3. Is the index worth the trouble? Let’s say that SQL Server asked for an index that is projected to improve the query by 23%, and the query was executed 15 times in the last 90 days. On an active or large table, that is an awful lot of INSERT/UPDATE work to help out a query that executes on the average of once every six days.

I’d love to have developed a script that could compare every missing index recommendation against the existing indexes and suggest alternatives. I probably could develop one with about 4,000 lines of SQL and 200 hours of my time. For now, however, Pinal Dave’s script is outstanding and gets the job done for the diligent DBA.

Part II – Unused Indexes

Unused indexes are pure evil. How evil? More evil than Jar-Jar Binks. SQL Server is being put to forced labor in maintaining indexes that nobody uses. Any good DBA will want to whack those indexes; to light-saber them in two vertically just as some Jedi should have done to ol’ Jar-Jar (HINT HINT!!! for Episode 8’s opening scene).

Again, Pinal Dave makes use of a DMV, in this case sys.dm_db_index_usage_stats, to find out which indexes are unused. He has created one awesome script that even includes a drop statement for the offenders that the DBA wishes to send to Valhalla.

Caveats on Unused Indexes

However, I must again note that these metrics are taken since the last SQL Server startup. I strongly recommend creating a job to store these metrics and accumulate these stats, so that you can get a full picture.

Moreover, let’s assume that these tables are replicated using Merge or Peer-to-Peer Transactional Replication. If you would like to keep your schemas constant between the nodes (a very good idea), you will need to accumulate these stats across every node. Then schedule a DROP on a monthly basis.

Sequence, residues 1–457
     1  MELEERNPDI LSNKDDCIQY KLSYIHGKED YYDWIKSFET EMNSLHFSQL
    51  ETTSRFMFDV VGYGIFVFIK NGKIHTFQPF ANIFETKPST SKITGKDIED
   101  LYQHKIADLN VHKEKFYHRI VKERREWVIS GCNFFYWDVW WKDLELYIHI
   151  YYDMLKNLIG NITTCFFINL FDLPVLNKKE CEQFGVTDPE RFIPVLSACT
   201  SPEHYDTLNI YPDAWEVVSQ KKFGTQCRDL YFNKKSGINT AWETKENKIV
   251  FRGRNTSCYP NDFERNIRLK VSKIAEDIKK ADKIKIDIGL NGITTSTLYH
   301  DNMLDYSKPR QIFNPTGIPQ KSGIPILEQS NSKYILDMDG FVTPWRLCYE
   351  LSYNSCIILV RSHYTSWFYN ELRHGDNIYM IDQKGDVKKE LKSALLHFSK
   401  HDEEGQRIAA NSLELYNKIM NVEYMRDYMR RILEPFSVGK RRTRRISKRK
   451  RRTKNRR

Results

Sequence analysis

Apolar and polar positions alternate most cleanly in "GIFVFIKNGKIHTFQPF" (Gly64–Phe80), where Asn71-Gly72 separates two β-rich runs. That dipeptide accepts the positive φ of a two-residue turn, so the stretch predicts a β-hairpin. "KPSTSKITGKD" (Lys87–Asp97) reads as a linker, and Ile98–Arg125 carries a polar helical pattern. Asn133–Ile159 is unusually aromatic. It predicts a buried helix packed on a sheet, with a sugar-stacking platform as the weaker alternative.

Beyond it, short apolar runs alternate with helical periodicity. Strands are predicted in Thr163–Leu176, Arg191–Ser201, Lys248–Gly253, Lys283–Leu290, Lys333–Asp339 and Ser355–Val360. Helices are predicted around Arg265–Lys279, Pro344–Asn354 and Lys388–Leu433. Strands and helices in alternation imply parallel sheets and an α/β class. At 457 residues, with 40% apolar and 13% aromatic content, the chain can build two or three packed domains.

Part III – Active Heaps are a Heap of Trouble

No table that is actively maintained should be a heap. A heap is the SQL Server equivalent of a needle in a haystack unless you are doing an unordered sequential SELECT.

Every table needs a nice, narrow clustered index that makes sense. My favorite is a int or bigint IDENTITY column. Each key is larger than the one before it, eliminating page splits to insert rows. The clustering column need not be the table’s natural primary key. SQL Server easily permits a nonclustered primary key and a unique clustered index on the same table.

Why are active heaps bad?

No heaps = best practice. Yes, I know that there are exceptions (e.g., a log table that is only INSERTED to and almost never read, or a staging table for loading bulk quantities of rows to another table). On the whole, however, heaps are a heap of trouble.

  • They are slow : Heaps are slower on Select, Update and Delete. If the table has a nonclustered index, even inserts will be slower.
  • They become badly fragmented : Heaps become fragmented as time passes and new rows are inserted at the end of the heap and not where old ones are deleted. The bad part is that a heap cannot be defragmented like a clustered index can.

Detecting Heaps

Finding the heaps in your database is a simple query:

   OBJECT_NAME(object_id) as TableName
 , *
 from sys.indexes
 where index_id = 0;

Now you have a list of heaps. What to do?

Create a clustered unique index (not necessarily a primary key), preferably on an int or bigint IDENTITY column. Simple.


The modern DBA should consider index management a critical part of his or her job. Done correctly, a lousy performing application can dramatically improve. It’s worth doing it well.


John F. Tamburo is the Chief Database Administrator for Landauer, Inc., the world's leading authority on radiation measurement, physics and education. John can be found at @SQLBlimp on Twitter.  John also blogs at www.sqlblimp.com.


3.94 (17)




3.94 (17)